A poltroon is an ignoble or total coward; a dastard; a mean-spirited wretch.

Monday, May 16, 2011

Shirring



Shirring is two or more rows of gathers used to decorate parts of garments, usually the sleeves, bodice and yoke.

Sunday, May 15, 2011

Chinchillas


Chinchillas are crepuscular rodents, slightly larger than ground squirrels, native to the Andes mountains in South America. Along with their relatives, viscachas, they belong to the family Chinchillidae.

Saturday, May 14, 2011

Craic

Craic or crack is a term for fun, entertainment, and enjoyable conversation, particularly prominent in Ireland.

Friday, May 13, 2011

wisenheimer

wisenheimer

A smart aleck.

Wednesday, May 11, 2011

subpoena

A subpoena is a writ issued by a court that commands the presence of a witness to testify, under a penalty for failure.

Tuesday, May 10, 2011

sleeping policeman


A speed bump (in British English a speed hump, road hump or sleeping policeman; in New Zealand English a judder bar) is a velocity-reducing feature of road design to slow traffic or reduce through traffic.

Monday, May 9, 2011

Mitteleuropa


Mitteleuropa (Central/Middle Europe) is the German term equal to Central Europe.

The word has political, geographic and cultural meaning. While it describes a geographical location, it also is the word describing a German political program that was put into motion during First World War.

The historian Jörg Brechtefeld describes 'Mitteleuropa' as the following:

The term 'Mitteleuropa' never has been merely a geographical term; it is also a political one, much as Europe, East and West, are terms that political scientists employ as synonyms for political ideas or concepts. Traditionally, Mitteleuropa has been that part of Europa between East and West. As profane as this may sound, this is probably the most precise definition of Mitteleuropa available.

Sunday, May 8, 2011

identifier

An identifier is a unique expression in a written format either by a code, by numbers or by the combination of both to distinguish variations from one to another among a class of substances, items, or objects. For living organisms and the structural identifications of objects, identifiers could be more complicated.

Saturday, May 7, 2011

Chitin

Chitin (C8H13O5N)n is a long-chain polymer of a N-acetylglucosamine, a derivative of glucose, and is found in many places throughout the natural world. It is the main component of the cell walls of fungi, the exoskeletons of arthropods such as crustaceans (e.g. crabs, lobsters and shrimps) and insects, the radulas of mollusks and the beaks of cephalopods, including squid and octopuses.

Friday, May 6, 2011

standard

A technical standard is an established norm or requirement. It is usually a formal document that establishes uniform engineering or technical criteria, methods, processes and practices. In contrast, a custom, convention, company product, corporate standard, etc which becomes generally accepted and dominant is often called a de facto standard.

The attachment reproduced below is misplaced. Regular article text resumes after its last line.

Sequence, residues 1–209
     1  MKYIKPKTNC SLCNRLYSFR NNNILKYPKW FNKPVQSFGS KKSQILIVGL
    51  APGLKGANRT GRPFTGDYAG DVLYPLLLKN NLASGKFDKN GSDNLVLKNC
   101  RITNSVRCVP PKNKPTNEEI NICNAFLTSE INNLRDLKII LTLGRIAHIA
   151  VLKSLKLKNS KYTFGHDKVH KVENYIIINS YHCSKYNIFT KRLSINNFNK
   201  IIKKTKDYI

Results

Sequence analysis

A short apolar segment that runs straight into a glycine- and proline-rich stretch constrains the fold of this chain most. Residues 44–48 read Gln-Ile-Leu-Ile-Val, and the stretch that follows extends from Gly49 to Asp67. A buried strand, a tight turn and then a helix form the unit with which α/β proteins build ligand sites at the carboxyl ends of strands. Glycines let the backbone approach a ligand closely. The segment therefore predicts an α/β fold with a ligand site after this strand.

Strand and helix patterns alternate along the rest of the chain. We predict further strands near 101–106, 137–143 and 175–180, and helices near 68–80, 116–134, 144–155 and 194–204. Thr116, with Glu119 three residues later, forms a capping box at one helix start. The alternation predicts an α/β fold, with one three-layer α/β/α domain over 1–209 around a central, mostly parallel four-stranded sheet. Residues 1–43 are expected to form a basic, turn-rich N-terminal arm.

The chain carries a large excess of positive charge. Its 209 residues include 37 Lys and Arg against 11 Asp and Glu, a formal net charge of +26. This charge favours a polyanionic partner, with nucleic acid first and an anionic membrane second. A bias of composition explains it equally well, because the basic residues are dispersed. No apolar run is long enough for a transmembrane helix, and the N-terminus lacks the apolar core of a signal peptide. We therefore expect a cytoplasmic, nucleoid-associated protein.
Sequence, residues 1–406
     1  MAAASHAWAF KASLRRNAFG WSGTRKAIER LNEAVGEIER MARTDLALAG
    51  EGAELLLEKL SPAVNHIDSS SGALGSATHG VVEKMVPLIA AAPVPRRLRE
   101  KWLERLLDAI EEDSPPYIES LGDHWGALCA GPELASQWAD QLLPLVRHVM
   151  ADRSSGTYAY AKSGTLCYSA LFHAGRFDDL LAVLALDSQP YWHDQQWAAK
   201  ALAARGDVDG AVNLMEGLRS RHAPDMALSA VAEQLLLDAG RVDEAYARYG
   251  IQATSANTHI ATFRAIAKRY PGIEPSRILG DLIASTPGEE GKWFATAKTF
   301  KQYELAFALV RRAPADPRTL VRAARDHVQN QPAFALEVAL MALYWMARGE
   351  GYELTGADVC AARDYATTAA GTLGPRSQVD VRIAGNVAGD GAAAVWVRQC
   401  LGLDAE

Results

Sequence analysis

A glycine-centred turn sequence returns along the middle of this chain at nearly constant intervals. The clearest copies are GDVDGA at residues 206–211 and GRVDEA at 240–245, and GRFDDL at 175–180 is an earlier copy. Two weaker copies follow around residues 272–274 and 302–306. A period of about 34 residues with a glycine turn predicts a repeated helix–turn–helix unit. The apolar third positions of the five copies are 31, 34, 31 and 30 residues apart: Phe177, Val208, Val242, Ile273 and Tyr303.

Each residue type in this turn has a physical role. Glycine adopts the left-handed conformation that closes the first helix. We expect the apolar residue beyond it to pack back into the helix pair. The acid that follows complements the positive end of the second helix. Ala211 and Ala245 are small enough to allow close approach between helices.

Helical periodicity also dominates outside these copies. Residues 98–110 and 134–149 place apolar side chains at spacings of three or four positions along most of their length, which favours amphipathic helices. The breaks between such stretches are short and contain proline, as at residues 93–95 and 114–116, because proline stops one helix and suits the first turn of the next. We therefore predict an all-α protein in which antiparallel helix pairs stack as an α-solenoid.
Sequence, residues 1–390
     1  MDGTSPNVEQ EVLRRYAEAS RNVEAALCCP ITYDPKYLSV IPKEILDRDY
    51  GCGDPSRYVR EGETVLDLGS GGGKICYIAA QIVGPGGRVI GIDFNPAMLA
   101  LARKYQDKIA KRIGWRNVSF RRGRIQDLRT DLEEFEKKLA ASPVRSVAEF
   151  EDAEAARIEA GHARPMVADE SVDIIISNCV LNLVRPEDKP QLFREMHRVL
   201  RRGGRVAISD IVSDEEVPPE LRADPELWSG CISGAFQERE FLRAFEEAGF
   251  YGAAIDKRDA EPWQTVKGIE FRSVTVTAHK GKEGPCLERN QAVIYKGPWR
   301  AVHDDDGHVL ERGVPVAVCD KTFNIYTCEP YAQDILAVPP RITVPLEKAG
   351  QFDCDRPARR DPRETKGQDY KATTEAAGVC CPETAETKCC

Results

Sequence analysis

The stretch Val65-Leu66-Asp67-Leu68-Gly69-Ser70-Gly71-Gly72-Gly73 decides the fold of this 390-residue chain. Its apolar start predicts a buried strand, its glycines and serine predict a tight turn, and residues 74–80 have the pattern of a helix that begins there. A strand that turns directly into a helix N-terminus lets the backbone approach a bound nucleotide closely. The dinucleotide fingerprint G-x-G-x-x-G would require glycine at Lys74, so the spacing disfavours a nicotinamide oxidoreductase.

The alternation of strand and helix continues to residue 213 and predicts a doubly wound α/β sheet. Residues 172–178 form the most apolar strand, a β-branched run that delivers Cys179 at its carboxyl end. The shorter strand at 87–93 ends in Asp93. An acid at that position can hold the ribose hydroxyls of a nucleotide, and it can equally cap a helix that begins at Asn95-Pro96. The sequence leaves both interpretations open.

Thursday, May 5, 2011

Sindarin


Sindarin is an artificial language developed by J. R. R. Tolkien. In Tolkien's mythos, it was the Elvish language most commonly spoken in Middle-earth in the Third Age.

Wednesday, May 4, 2011

Sepoy


A sepoy (from Persian سپاهی Sipâhi meaning "soldier") was a native of India, a soldier allied to a European power, usually the United Kingdom or Portugal, where the term "sipaio" was used. Specifically, it was the term used in the British Indian Army, and earlier in the East India Company, for an infantry private (a cavalry trooper was a Sowar), and is still so used in the modern Indian Army, Pakistan Army and Bangladesh Army. Close to 300,000 sepoys were crucial in securing the subcontinent for the British East India Company, and played a prominent role in the Indian Rebellion of 1857 after it was alleged that the new rifles being issued to them used animal fat to grease the casing.

Tuesday, May 3, 2011

Holarctic


The Holarctic ecozone refers to the habitats found throughout the northern continents of the world as a whole. This region is divided into the Palearctic, consisting of Northern Africa and all of Eurasia, with the exception of Southeast Asia and the Indian subcontinent, and the Nearctic, consisting of North America north of southern Mexico. These are further subdivided into a variety of ecoregions. Many ecosystems, and the animal and plant communities that depend on them, are found across multiple continents in large portions of this ecozone. The continuity of these ecosystems results from the shared glacial history of this ecozone. The Floristic Boreal Kingdom corresponds to the Holarctic ecozone.

Monday, May 2, 2011

Arachnology


Arachnology is the scientific study of spiders and related organisms such as scorpions, pseudoscorpions, harvestmen, collectively called arachnids. However, the study of ticks and mites is sometimes not included in arachnology, but is called Acarology. Those who study spiders are arachnologists.

Sunday, May 1, 2011

Chromatophores


Chromatophores are pigment-containing and light-reflecting cells found in amphibians, fish, reptiles, crustaceans, and cephalopods. They are largely responsible for generating skin and eye colour in cold-blooded animals and are generated in the neural crest during embryonic development. Mature chromatophores are grouped into subclasses based on their colour (more properly "hue") under white light: xanthophores (yellow), erythrophores (red), iridophores (reflective / iridescent), leucophores (white), melanophores (black/brown) and cyanophores (blue). The term can also refer to coloured, membrane associated vesicles found in some forms of photosynthetic bacteria.